Used Nissan Leaf (Mk1, 2011-2018) review
The pioneering Nissan Leaf brings EV motoring to the masses, although this early electric adopter isn't without its flaws
Electric cars are now such a regular sight on UK roads that you’d be forgiven for forgetting the Nissan Leaf only went on sale a mere 10 years ago. The original Leaf was a groundbreaking car for Nissan, and used examples now make for a low-priced entry to EV motoring for those looking to make the switch from petrol or diesel.
The Leaf brought EV motoring to the masses and it therefore blazed a trail. The earliest cars may now seem somewhat outdated in terms of their charging times and range, making the original Leaf seem uncompetitive compared with more modern rivals, but don’t write it off too readily because it can still make lots of sense.
Which one should I buy?
- Best Nissan Leaf for range: Acenta+
- Best Nissan Leaf for equipment: Tekna
The first-generation Nissan Leaf arrived in the UK in March 2011, a few months after making its debut in the US and Japan. All models had an 80kW (107bhp) electric motor and a 24kWh battery pack with just one trim level. These first Leafs were built in Japan and their official range was 109 miles.
In March 2013 a British-built Leaf was introduced and the range grew to three trim levels (Visia, Acenta and Tekna, with a Visia+ model arriving soon after). Software tweaks allowed a fast-charge (6.6kW) option along with an increase in range to 124 miles.
Car group tests
- Nissan Leaf vs BMW i3: used electric cars go head-to-head
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Used car tests
In July 2015 a fifth trim level (the Acenta+) appeared, with a standard fast charger. Two months later a 30kWh battery pack became available to increase the range to 155 miles, although the original 24kWh battery was still offered.
Some early Leafs have a leased battery pack; such cars are significantly cheaper to buy because you pay a separate monthly fee for the battery, but these cars are rare, and it’s possible to pay off the lease so you own the batteries. However, you’ll then be liable for any costs in the event of failure.
Initially, only one trim was available, which came with sat-nav, climate control and 16-inch alloys.
The range expanded in March 2013 to three trim levels. The base-level Visia was pretty well equipped with all-round electric windows, climate control, power mirrors and Bluetooth, but it didn't offer fast charging (6.6kW) or an infotainment screen. The Visia+ upgrade added alloys, privacy glass and cruise control.
We’d recommend opting for at least the mid-range Acenta trim because this includes the fast-charging facility, a more sophisticated infotainment system, a rear-view camera and automatic lights and wipers. If you want to go all-out, the range-topping Tekna adds leather, 17-inch wheels and a Bose hi-fi, plus heating for the seats and door mirrors.
What are the alternatives?
For years the Leaf had the electric car market to itself, which is why there’s not much else available for the same sort of money as an early example. However, the Renault Zoe is another cracking small hatch that’s very practical, although it is smaller than the Leaf. There are loads to choose from and prices start at just £7,000 or so.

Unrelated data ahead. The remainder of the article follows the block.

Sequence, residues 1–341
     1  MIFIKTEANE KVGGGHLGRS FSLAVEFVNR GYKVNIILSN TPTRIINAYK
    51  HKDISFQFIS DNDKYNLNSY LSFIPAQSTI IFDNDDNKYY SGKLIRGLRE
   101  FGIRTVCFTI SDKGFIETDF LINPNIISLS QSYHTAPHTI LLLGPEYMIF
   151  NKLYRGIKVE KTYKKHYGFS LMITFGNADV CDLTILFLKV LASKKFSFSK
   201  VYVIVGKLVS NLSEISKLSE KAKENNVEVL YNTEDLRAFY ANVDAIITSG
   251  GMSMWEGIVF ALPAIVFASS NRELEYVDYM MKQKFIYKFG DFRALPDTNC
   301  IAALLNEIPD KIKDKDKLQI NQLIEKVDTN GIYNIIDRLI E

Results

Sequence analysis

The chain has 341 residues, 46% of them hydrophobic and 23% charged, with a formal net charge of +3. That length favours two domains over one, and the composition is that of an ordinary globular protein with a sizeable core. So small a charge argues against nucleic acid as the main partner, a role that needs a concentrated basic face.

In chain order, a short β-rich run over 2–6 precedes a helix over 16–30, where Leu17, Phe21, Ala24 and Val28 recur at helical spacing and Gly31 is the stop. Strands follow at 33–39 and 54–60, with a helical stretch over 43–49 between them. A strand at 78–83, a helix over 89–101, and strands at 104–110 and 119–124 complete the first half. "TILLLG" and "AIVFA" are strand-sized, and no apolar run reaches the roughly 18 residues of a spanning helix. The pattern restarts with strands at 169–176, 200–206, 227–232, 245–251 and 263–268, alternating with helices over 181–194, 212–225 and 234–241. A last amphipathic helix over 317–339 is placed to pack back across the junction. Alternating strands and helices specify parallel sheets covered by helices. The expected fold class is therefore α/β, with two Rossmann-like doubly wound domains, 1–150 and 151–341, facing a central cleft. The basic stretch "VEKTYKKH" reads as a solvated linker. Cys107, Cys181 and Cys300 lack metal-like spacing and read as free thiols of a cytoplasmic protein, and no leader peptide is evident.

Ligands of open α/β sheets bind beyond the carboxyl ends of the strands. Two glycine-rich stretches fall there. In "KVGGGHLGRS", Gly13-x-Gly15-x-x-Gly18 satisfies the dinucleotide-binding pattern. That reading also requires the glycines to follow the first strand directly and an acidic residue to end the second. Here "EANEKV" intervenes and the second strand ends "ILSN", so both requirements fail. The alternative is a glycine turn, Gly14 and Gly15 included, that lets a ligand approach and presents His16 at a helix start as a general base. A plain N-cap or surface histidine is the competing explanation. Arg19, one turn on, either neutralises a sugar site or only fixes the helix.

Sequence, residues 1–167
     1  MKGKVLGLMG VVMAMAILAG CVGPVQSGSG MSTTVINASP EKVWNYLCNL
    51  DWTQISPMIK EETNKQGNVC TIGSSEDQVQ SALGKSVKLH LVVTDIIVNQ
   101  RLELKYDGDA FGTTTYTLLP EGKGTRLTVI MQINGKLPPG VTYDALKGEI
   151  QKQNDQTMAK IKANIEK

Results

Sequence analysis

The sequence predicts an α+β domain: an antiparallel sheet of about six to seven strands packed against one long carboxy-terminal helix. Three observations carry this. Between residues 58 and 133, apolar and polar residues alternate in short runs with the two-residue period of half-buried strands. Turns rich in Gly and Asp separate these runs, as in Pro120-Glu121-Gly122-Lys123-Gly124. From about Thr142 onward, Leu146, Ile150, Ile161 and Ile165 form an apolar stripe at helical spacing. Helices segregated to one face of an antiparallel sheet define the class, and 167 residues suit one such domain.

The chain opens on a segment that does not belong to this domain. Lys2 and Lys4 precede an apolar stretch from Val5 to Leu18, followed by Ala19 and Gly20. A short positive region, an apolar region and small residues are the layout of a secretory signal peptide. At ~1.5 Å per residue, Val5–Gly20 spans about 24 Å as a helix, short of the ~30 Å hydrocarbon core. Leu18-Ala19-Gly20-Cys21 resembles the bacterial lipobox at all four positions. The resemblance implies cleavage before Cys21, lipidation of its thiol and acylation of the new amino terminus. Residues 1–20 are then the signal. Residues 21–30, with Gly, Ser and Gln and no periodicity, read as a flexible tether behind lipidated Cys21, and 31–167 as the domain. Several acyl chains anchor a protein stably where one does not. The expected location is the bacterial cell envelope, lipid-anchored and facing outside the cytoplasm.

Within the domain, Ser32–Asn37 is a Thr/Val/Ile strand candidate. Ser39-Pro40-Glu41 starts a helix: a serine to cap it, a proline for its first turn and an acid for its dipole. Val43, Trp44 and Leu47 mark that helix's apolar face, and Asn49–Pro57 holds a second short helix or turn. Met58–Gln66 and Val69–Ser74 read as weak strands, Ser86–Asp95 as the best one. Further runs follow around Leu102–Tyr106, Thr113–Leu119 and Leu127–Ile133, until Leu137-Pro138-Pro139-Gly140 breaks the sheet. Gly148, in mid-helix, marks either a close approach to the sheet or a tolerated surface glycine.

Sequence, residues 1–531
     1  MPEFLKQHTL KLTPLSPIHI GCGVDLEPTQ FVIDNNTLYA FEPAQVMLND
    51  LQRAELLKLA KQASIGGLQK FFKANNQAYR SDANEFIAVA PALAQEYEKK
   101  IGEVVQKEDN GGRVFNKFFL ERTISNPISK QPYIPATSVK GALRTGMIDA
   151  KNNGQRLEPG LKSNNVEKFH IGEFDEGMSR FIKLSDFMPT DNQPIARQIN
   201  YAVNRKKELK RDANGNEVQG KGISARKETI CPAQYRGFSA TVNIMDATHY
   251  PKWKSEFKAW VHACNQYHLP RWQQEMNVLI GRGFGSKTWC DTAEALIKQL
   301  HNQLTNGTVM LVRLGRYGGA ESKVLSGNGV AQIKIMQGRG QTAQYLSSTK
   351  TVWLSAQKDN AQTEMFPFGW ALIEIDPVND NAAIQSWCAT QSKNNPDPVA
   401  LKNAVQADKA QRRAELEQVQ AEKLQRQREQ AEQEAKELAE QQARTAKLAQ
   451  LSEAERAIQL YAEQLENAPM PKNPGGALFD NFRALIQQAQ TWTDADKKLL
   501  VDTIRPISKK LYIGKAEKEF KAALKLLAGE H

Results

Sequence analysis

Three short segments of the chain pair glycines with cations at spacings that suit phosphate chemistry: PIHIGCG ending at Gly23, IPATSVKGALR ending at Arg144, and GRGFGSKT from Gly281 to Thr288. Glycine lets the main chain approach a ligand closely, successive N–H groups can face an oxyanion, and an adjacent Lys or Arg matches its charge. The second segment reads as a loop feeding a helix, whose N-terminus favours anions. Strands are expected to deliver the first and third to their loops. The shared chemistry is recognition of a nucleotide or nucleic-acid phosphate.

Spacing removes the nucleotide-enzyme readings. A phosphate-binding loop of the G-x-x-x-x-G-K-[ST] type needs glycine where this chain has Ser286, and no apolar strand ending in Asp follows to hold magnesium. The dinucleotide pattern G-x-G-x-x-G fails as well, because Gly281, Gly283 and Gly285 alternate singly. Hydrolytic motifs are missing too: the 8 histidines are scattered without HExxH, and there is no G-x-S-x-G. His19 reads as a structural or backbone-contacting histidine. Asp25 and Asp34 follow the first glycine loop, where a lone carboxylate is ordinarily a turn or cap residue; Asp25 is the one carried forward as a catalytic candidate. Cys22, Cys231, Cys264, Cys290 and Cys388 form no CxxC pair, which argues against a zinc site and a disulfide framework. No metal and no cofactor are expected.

The BMW i3 is a much more premium car with an impressive design, and there are a lot more around than you might think, but prices start at around £14,000. Some i3s are actually range-extender models, with a small petrol engine that can add range to the battery, so be sure to double-check which version is being sold.
Nissan Leaf vs VW Golf vs Toyota Auris
With no natural EV rivals, the Leaf instead faced some eco-friendly ICE contenders for its first group test in April 2011. The Nissan’s smooth power delivery and low running costs saw it beat the hybrid Auris, but it couldn’t match the brilliant Golf Bluemotion’s all round ability. Read the full test...
Nissan Leaf vs Renault Fluence
It was a case of sibling rivalry in this March 2012 encounter, when the Leaf squared up to the closely related Fluence. In the final reckoning the Renault’s bland style and cramped boot meant that it finished a distant second to the more stylish and better packaged Nissan. Read the full test...
Nissan Leaf vs BMW i3
The Leaf faced its toughest test in July 2014, when it took on the new i3. With its roomy interior, attractive pricing and generous kit, the Nissan proved a stern opponent. Yet in the final reckoning, the BMW’s driver appeal, strong performance and classy interior gave it the win. Read the full test...
In this review
- 1Verdict - currently readingThe pioneering Nissan Leaf brings EV motoring to the masses, although this early electric adopter isn't without its flaws
- 2How much will it cost?It’s doesn’t cost as much to buy as rivals, plus the Nissan will cost peanuts to run
- 3How practical is it?Surprisingly spacious and packed with kit, the Nissan is every bit as practical and usable as conventional family cars
- 4What's it like to drive?Zippy acceleration, excellent refinement and a comfortable ride make the Leaf a relaxing partner. It’s not much fun though
- 5What should you look out for?As a pioneering EV, the Leaf featured a number of quirks that you’ll need to be aware of, particularly if you’re coming from an ICE car
- 6What do owners think?The Nissan Leaf was a strong performer in our 2019 Driver Power survey